Letter: Remembering family members' sacrifices
One hundred years ago, Lee Burrington marched off to the train station in Brattleboro, Vermont, to answer President Woodrow Wlison's call to "Make the World Safe for Democracy." Several old Union Army Veterans were there to see the boys off. Lee went off with a cigar in his mouth and a jaunty look on his face. He died with his face in the sun on October 22, 1918.
After the Armistice, my great-grandparents were looking forward to celebrating Thanksgiving when they received notification of Lee's death. A kind bank stenographer wrote to my great-grandmother remembering that when she had purchased war bonds, she had said that she was poor but "I want to support my boys." Touched, he wrote that with mothers like her our country was in good hands and he said that when he was ready to sit down for his Thanksgiving dinner he would think of her and her loss.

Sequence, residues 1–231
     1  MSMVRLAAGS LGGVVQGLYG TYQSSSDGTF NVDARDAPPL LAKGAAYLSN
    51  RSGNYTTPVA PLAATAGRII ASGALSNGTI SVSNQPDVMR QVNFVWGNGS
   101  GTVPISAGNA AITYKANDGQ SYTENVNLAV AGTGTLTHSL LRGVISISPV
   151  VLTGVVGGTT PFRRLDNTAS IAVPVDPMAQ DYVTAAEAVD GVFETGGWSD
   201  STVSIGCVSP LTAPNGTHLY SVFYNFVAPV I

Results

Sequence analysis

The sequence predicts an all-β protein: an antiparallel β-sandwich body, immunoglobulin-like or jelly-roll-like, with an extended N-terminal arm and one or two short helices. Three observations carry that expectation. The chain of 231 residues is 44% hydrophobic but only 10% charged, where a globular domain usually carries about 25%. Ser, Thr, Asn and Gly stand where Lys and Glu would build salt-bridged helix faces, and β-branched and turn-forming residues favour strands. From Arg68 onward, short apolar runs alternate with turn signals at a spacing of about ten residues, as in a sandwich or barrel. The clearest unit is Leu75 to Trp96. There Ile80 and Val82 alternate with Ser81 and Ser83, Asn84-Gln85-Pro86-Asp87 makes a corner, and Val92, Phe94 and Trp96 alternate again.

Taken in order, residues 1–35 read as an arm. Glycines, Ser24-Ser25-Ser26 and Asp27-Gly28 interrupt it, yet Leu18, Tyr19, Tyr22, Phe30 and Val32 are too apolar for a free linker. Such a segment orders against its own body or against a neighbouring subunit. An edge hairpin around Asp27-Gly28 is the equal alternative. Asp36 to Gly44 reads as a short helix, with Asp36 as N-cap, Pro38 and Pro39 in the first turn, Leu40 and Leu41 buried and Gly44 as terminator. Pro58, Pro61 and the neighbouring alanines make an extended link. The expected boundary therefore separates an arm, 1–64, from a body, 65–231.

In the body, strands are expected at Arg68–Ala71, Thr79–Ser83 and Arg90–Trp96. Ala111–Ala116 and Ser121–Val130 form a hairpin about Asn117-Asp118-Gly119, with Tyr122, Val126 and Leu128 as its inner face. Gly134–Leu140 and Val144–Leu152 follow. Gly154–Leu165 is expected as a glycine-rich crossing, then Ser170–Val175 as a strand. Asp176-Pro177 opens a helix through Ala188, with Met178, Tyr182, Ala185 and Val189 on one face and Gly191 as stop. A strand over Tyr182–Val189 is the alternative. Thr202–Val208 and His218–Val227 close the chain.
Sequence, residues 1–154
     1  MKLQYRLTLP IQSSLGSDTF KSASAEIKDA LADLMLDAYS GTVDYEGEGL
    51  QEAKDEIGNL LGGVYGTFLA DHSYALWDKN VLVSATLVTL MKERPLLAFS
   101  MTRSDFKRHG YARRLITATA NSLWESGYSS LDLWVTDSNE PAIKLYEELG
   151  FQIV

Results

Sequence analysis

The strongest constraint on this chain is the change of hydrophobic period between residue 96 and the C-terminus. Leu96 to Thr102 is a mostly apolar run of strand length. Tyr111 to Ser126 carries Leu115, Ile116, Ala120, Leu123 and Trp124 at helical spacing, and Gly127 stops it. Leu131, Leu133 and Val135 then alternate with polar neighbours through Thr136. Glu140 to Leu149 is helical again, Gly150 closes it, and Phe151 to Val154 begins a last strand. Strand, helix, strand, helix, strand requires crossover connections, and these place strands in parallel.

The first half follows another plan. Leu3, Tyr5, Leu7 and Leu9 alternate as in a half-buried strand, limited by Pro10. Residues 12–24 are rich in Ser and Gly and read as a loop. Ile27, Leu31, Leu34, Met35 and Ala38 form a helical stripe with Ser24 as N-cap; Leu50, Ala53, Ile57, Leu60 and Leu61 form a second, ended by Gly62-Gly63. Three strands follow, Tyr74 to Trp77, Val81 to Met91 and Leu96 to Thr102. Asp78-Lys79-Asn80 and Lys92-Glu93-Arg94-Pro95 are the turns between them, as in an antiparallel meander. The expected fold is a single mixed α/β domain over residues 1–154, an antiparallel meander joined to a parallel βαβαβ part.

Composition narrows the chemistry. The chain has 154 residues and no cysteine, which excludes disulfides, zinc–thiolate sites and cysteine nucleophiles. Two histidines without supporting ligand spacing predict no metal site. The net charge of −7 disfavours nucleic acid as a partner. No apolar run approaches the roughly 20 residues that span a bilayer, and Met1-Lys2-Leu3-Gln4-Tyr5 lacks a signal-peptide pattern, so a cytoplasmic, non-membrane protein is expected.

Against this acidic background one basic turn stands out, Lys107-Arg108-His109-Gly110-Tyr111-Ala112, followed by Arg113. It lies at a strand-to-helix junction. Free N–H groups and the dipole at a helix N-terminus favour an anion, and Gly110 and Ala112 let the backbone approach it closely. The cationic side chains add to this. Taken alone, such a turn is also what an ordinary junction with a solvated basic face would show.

Larry Groom fought in the assault at the North end of the Argonne Forest in what 1st Army Commander, Lt. General Hunter Liggett later wrote, "was the strongest short position I ever saw on the whole western front." A machine-gunner, Grandpa was gassed and involved in desperate hand-to-hand fighting which he could never forget. His French son was later killed when Hitler rolled over France.
While a small boy at Grandpa's funeral, I remember the sharp crack of the rifle salute, the lonely notes of Taps coming from a bugle and the solemn folding of the coffin flag. Today, I will remember Lee and Larry while praying for justice and God's peace.
Apopka, Florida, May 25
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